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Where Good Ideas Come From: The Natural…
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Where Good Ideas Come From: The Natural History of Innovation (2010)

by Steven Johnson

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» See also 8 mentions

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Showing 1-5 of 40 (next | show all)
This book is really more like a 3.5 star book, but I can't do that on here and I do really like Steven Johnson's writing in general (been in a fan back into the early FEED days). I also should admit that part of the reason for that half-star demotion might be that I listened to this as an audiobook. The issue was not the narrator or anything you would typically expect, but rather a simple matter of making it difficult (I was listening to it driving to and from work) to stop and ponder or jot down notes.

Those caveats aside, I really did enjoy this book quite a bit. Jonhson has a way of clarifying ideas and concepts that I find to be helpful and stimulating. In this case, the subject matter, how new inventions, discoveries, etc. are made, is near and dear to my heart. Though I don't consider myself to be a revolutionary thinker who is regularly coming up with some flash of insight, I do take the idea of consistently trying to set myself up for new ideas, very seriously. Johnson brings together a lot of pieces of information on this subject that I had heard, in one form or another, before, but puts it into a very digestible format. I'm particularly grateful that I also own a physical copy of this book -- I'm looking forward to reading through his notes and reviewing the structure and organization of the material. I suspect that process alone will add to what I have gained from this book. ( )
  tlockney | Sep 7, 2014 |
A fine survey of innovation and creativity. Sort of innovation 101. The appendix: chronology of key innovations, 1400 - 2000 is interesting. Good "further reading" section and lengthy bibliography. No new ideas here, but a nice survey course and reference book for further reading. ( )
  charliesierra | Sep 1, 2014 |
While this book is maybe lacking the scholarly precision of a work of science, its message is clear and at least for me easily acceptable. It identifies the key ingredients for innovation and great ideas and is practical and explanatory enough to give the reader ideas to translate them into their environment.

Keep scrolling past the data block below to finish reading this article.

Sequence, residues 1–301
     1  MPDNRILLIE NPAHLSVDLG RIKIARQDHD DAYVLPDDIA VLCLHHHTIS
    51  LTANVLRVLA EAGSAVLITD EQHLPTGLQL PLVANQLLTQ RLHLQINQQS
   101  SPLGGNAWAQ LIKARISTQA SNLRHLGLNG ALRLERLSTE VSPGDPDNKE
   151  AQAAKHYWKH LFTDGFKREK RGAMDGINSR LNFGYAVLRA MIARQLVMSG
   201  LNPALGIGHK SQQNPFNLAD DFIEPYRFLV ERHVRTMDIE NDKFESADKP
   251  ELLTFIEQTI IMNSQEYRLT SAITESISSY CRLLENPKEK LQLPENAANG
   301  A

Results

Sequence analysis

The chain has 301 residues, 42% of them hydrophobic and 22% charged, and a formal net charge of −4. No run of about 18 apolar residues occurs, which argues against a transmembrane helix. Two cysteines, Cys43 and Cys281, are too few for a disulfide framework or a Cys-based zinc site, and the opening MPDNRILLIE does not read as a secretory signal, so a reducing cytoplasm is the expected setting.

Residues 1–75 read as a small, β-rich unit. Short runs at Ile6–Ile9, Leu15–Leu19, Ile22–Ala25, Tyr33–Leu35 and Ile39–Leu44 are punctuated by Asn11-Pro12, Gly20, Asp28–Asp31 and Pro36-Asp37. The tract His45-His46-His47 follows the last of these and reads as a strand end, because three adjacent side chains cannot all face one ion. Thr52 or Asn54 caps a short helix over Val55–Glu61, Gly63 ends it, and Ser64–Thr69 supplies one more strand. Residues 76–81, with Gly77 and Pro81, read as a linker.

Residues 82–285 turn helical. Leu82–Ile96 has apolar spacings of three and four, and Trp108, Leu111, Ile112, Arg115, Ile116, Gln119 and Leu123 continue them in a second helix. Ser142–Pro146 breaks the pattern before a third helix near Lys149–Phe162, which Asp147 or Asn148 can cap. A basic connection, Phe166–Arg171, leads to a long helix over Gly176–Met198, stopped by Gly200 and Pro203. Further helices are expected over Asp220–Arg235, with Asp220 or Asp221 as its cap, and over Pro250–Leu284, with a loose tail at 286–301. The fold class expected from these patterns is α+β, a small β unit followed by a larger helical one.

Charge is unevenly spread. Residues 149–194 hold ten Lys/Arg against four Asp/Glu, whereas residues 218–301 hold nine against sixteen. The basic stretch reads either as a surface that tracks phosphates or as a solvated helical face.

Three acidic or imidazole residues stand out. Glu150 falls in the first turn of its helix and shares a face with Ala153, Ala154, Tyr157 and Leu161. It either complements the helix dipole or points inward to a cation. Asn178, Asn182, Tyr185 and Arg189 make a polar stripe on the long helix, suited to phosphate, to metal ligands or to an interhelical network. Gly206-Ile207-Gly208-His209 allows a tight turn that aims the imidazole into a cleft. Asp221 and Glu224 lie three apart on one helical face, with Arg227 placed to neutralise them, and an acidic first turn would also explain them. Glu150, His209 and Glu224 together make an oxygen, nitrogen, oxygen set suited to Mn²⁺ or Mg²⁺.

The message is that innovation occurs on fertile ground, but as a product of a deterministic process, but rather as a mixture of right ingredients mixed with a good pinch of time.

The book is lively written and a pleasure to read. I warmly recommend it. ( )
  ernst.schnell | Dec 20, 2013 |
A surprisingly interesting broad survey of innovation. Somewhat formulaic in sections, and lacking any great insight, this book nevertheless presents a mass of interesting data and makes a case (fairly weak, but still a case) for re-evaluating how organisations approach innovation. That said, there is little information of practical relevance. ( )
  gbsallery | Oct 7, 2013 |
Second time listening to the audio book. I really enjoy it.

Informative. Entertaining.

This is a great book on innovation and how companies and individuals can foster creativity.

Recommended for creative professionals and those in innovative fields. ( )
  damienfranco | Aug 22, 2013 |
Showing 1-5 of 40 (next | show all)
Especially for people in business or education, it’s a worthwhile book. It talks about the institutional structures that facilitate good ideas – how you get lots of people thinking about cutting edge problems, how you put people together in a space where different skill sets and influences can come together, how you make the right kinds of materials available but don’t force a conclusion.
check out http://www.youtube.com/watch?v=NugRZG...
 
Like The Tipping Point and Freakonomics it goes beyond the traditional 'big think’ guides that promise to teach us how to get ahead or why things went so wrong; instead, it explores what makes us tick, and as a result might actually have an impact far beyond the boardroom.
added by mikeg2 | editThe Telegraph, Hollis. Leo (Nov 21, 2010)
 

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Pietiläinen, KimmoTranslatorsecondary authorsome editionsconfirmed
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Johnson addresses an urgent and universal question: What sparks the flash of brilliance? How does groundbreaking innovation happen? He provides the complete, exciting, and encouraging story of how the ideas are born that push careers, lives, society, and culture forward.… (more)

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Audible.com

An edition of this book was published by Audible.com.

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Penguin Australia

2 editions of this book were published by Penguin Australia.

Editions: 184614051X, 0141033401

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